While I've always enjoyed Japanese cinema, especially in the fantasy and anime genres, when I heard that Katsuhiro Ôtomo had a live-action film at Sundance, it became one of my must-sees. His film Akira is one of the most popular animated films in the world, and a pillarstone of Japanese animation. It helped give rise to the popularity of Japanese animation that continues to this day with films like Spirited Away and Ghost in the Shell, and I couldn't wait to see how this foray into live-action was. Fittingly, it is an adaptation of the 'Mushishi' manga from Japan, and I wasn't disappointed with this film.
Bugmaster is a multi-layered film that tells the story of a young boy as he grows from an orphan into a 'bugmaster' (mushishi), a sort of doctor/alchemist who treats problems caused by 'bugs,' or spirits. He travels from village to village in turn-of-the-centry Japan, diagnosing symptoms and then selling remedies from a sort of combination backpack/chest of drawers that he carries around on his back. He doesn't deal in martial arts, which I quite frankly expected him to bust into at any moment. He's a bit like Caine from Kung Fu, except without the butt-kicking. His first such encounter finds him forced off the road by snow, and seeking shelter in house of the matron who overlooks a small village. Once inside, the lady of the house calls for him to help him with the villagers; they have all lost hearing in their left ear. He identifies a certain type of bug that eats sounds, and has taken up residence in their ears -- yuck. This scene reminded me of Star Trek II, where Chekov had that creepy bug in his ear that made him susceptible to suggestions. I had nightmares for years after I saw that, and used to sleep with my fingers in my ears.
Through multiple flashbacks and non-linear storytelling, we come to find out that this bugmaster, Ginko, was orphaned while he was very young; he and his mother were caught in a landslide while traveling through the mountains. The boy, then named Yoki, was taken in by a female bugmaster named Nui. Nui wears her long silver/white hair over one eye, just like Ginko will later do. I won't divulge why this is, since it is the result of something that later becomes pivotal to the plot, but it explains why the pupil later becomes the master.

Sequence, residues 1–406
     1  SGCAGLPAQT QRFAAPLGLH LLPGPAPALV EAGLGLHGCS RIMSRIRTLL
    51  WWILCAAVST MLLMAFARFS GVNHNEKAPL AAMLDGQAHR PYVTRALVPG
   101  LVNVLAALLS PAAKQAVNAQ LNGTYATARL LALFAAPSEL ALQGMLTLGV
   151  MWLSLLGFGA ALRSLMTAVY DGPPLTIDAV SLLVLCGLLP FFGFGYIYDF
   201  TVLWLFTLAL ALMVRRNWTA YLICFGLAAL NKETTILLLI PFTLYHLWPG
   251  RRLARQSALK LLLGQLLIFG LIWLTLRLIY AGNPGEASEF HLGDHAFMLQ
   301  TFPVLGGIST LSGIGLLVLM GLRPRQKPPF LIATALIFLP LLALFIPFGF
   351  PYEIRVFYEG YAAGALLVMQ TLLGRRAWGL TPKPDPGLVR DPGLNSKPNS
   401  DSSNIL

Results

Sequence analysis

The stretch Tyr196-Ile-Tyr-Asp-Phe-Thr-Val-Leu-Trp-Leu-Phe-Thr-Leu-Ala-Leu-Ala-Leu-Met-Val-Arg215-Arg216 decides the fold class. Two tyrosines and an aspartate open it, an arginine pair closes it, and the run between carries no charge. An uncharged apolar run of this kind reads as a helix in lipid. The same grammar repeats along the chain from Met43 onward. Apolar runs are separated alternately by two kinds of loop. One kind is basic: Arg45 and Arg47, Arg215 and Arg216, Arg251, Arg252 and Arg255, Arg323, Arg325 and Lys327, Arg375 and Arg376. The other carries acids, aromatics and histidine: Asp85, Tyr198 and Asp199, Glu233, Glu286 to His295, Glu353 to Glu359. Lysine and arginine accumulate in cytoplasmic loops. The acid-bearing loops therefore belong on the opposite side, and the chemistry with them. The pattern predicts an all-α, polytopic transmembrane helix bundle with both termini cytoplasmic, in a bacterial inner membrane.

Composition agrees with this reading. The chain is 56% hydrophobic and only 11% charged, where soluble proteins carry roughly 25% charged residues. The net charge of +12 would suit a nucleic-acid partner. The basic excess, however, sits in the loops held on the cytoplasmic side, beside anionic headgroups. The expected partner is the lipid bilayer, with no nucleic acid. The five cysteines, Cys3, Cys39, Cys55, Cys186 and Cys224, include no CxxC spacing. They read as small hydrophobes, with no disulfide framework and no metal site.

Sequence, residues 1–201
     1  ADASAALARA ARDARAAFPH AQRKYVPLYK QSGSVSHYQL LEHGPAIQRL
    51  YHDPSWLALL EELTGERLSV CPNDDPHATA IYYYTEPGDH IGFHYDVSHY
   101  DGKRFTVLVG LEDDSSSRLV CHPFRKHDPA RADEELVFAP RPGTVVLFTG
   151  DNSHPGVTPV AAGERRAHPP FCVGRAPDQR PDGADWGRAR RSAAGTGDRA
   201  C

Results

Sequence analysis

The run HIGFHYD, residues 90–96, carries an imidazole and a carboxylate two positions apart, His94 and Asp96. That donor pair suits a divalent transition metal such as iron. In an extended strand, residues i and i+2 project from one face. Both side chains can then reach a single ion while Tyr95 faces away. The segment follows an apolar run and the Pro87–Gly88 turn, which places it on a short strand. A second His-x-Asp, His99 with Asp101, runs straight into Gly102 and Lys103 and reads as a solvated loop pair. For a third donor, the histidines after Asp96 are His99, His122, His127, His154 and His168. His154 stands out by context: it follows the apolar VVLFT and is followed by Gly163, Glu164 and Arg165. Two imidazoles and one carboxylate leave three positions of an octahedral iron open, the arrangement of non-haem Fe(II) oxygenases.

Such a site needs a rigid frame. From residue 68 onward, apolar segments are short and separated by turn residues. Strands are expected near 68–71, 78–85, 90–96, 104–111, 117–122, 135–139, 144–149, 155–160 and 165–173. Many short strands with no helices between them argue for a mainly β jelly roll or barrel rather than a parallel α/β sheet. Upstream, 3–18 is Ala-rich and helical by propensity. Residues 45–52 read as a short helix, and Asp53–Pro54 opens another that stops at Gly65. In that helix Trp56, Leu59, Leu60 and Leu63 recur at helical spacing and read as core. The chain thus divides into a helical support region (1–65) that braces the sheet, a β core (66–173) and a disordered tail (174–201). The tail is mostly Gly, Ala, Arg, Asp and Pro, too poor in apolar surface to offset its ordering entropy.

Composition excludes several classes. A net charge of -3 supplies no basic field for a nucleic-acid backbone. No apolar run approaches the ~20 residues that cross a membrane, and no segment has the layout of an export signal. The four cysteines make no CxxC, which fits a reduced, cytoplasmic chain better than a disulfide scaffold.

Ginko encounters pieces of his forgotten past while traveling through Japan, and he also acquires a sidekick along the way -- a bumbling peasant who is traveling with a large iron pot on his back, determined to catch a rainbow. He joins Ginko, and becomes a sort of de facto assistant to him. They eventually travel to a record-house that contains thousands of scrolls detailing all of the known bugs that have been encountered, and later serves as the setting for one of the films more dramatic, and special effects-filled scenes. Giant iron chopsticks, swirling 3D characters, and bloodletting all together. Sign me up.
Bugmaster has a dense storyline that requires your full attention. Add in the fact that you're reading subtitles, as well as trying to absorb an unusual type of mythology and storytelling, and it makes this a film not for everyone, as was evidenced by my bus trip after the movie. One guy asked me, "Hey, did you just come out of Bugmaster?" I told him yes, and he sort of blankly looked at me and then said, "I didn't understand what the fuck that was about." So I tried to talk to him about Japanese mythology, and the multiple layers in the film, to the distinct looks and costumes of main character. After my long-winded diatribe, he just blinked at me and said "He looked just like a skater, brah."
Like I said, it's not for everyone. But if you like Japanese cinema, fantasy storytelling, and interesting characters, you'll love this film.